Step 2: Define vectors a,b M. Create a pattern C in M consisting of elements
B + na + mb, (m,n Z), modulo a preditermined integer p (in our case p was
Step 3: Define a set G of main 2-dimensional transformations g : 2(M) 2(M), where
2 =projection of M on T × P, T × L, T × D, P × L, P × D or L × D.
Step 4: Apply certain transformations g G to local parts (subsets) of C. Note that the
transformations are applied to any two-dimensional projection.
Step 5: Apply other freely chosen transformations h Gc to local parts (subsets) of
Step 6: Shape a detailed tempo curve.
Step 7: Define an instrumentation.
Steps 2–7 are applied repeatedly, and not necessarily in the given sequence.
A few remarks need to be made at this point, since at first the construction given above
may appear completely abstract and too mathematical:
- The composition was done using “musical intuition”, without conscious application
of mathematics. Only a vague global plan existed – the description above is
an a posteriori analysis that is much more precise than the original plan. This
corresponds to the usual compositional process. A global plan is used, consciously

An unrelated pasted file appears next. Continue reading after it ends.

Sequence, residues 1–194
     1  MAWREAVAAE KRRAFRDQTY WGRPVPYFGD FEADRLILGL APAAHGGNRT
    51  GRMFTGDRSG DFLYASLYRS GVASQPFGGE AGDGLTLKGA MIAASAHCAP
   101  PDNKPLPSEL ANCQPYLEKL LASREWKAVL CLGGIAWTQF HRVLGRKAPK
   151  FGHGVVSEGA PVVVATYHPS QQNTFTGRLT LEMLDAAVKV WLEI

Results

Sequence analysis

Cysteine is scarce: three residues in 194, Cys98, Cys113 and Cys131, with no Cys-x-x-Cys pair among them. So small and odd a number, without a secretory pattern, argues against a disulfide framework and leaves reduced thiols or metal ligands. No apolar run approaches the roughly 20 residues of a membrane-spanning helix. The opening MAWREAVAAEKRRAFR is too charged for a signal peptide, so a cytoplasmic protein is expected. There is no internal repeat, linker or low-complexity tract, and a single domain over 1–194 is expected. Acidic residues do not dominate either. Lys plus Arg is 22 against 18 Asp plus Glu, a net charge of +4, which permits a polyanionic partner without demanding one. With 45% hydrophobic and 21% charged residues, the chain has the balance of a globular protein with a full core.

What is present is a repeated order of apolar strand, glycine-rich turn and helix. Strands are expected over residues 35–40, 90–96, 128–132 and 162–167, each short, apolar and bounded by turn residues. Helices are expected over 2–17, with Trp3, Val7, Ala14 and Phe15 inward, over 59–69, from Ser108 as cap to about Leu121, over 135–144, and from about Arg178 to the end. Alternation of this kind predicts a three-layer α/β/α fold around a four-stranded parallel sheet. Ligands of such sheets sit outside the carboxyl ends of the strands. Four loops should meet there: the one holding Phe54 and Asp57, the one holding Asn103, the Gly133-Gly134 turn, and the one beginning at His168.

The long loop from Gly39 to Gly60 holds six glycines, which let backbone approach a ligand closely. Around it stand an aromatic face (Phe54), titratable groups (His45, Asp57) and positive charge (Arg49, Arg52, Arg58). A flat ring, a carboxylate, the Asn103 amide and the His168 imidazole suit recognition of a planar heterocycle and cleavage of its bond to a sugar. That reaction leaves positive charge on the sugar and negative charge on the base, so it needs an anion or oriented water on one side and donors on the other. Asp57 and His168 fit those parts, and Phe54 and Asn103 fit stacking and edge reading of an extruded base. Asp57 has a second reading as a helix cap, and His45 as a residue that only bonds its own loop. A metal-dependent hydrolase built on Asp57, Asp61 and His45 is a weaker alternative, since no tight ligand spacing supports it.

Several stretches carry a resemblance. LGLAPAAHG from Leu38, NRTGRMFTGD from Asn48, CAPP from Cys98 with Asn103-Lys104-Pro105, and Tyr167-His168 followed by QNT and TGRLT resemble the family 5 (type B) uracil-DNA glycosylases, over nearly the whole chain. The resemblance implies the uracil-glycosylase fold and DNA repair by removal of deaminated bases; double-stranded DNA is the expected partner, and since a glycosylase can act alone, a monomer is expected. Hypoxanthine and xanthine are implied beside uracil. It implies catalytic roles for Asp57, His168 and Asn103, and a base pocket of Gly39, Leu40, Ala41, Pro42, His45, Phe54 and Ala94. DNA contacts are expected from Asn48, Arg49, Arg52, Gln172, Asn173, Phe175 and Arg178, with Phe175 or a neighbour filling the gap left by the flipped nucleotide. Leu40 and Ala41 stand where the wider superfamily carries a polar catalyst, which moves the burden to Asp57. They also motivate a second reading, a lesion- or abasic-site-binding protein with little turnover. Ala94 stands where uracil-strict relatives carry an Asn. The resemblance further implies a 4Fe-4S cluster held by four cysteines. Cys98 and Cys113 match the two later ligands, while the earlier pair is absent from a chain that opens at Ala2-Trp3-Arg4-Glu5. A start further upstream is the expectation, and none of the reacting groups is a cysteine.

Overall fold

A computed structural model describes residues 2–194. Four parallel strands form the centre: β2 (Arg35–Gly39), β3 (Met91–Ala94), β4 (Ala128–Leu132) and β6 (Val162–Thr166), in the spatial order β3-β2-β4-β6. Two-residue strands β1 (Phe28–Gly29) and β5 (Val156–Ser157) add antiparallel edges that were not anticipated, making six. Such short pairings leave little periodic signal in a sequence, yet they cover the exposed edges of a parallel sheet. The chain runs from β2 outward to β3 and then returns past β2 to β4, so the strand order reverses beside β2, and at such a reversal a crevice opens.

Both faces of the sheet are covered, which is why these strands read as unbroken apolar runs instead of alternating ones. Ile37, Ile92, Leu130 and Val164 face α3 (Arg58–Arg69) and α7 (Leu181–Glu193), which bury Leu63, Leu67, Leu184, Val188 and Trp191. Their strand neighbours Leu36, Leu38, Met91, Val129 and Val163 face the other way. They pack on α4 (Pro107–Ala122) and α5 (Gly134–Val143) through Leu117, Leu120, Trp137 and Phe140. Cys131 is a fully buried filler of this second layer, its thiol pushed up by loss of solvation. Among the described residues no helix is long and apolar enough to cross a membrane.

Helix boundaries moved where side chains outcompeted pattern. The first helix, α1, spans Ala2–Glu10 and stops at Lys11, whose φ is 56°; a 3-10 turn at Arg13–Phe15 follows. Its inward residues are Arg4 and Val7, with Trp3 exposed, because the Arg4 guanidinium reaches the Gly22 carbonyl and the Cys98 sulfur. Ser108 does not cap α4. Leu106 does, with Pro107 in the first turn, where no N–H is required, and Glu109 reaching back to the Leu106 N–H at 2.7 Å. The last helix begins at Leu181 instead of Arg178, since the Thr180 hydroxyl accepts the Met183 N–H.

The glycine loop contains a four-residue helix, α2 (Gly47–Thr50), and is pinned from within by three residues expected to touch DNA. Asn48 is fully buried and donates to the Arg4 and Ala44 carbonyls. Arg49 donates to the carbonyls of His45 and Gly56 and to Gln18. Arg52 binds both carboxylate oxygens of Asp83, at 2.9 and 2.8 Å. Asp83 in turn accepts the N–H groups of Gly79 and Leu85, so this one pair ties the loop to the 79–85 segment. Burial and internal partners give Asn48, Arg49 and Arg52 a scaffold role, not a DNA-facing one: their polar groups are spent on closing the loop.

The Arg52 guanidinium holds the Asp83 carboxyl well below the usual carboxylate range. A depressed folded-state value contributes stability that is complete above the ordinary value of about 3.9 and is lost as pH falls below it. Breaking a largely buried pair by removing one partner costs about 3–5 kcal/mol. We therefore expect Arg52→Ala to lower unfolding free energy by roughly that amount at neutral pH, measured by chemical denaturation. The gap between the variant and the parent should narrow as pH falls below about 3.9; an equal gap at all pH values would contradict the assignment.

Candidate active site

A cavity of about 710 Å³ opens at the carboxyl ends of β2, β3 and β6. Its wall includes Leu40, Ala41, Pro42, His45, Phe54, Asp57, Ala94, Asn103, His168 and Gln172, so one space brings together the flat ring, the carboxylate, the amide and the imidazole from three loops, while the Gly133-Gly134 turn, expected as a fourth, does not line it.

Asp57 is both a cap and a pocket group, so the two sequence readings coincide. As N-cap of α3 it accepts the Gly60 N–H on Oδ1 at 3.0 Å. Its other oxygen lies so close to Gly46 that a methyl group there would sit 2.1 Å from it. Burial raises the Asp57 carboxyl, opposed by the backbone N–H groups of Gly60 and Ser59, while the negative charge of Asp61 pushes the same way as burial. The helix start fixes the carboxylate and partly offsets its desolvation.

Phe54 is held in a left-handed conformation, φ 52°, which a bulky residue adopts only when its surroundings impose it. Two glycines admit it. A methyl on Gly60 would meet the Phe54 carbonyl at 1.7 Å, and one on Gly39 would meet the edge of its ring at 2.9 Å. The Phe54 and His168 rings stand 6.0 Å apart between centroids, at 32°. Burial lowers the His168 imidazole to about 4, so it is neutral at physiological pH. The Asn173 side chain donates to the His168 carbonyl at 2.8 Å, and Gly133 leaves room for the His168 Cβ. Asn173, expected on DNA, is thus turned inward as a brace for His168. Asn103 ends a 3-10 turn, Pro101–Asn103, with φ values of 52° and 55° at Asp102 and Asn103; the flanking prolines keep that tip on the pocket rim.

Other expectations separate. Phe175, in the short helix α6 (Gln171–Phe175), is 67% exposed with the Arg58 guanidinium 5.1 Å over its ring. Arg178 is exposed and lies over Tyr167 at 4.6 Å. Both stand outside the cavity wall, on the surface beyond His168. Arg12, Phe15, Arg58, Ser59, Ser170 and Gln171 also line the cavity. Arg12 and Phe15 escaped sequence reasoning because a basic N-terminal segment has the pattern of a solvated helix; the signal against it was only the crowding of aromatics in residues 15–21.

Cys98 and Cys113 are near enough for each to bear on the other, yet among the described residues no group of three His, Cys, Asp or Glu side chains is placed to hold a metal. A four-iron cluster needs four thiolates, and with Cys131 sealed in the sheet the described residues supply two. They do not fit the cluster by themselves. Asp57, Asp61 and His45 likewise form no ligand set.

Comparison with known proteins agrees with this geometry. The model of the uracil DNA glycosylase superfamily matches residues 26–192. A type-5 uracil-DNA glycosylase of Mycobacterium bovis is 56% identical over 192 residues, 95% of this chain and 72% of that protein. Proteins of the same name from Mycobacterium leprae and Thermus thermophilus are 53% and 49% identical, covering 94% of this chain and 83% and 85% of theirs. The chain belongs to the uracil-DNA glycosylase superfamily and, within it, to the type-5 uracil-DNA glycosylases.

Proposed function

or subconsciously, in most composed (and even in improvised) music. (Also, for
traditional music it is not unusual that an a posteriori analysis reveals structural
features the composer was not quite aware of.)
- An intuitive musical application of transforms was made possible by the graphical
MIDI-software PRESTO (Mazzola 1989–94). No mathematical knowledge was
required. Due to the help of the software, a vast variety musical possibilities could
be tried out by listening. This allowed “controlled improvisation” leading to an
enormously fast, intuitive and spontaneous way of composing.
- It should be emphasized that the software used here does not compose, The
computer is here “only” a tool that enables us to pursue new musical ideas in an
1.3. Basic principles
The following basic principles were used:
- Representation of basic aspects of the composition (excluding e.g. instrumentation,
microtuning etc.) as a “point cloud” in an algebraic module (linear space).
- Hierarchy (global structures, local structures).
- Exchangibility of musical parameters (time, pitch, loudness, duration).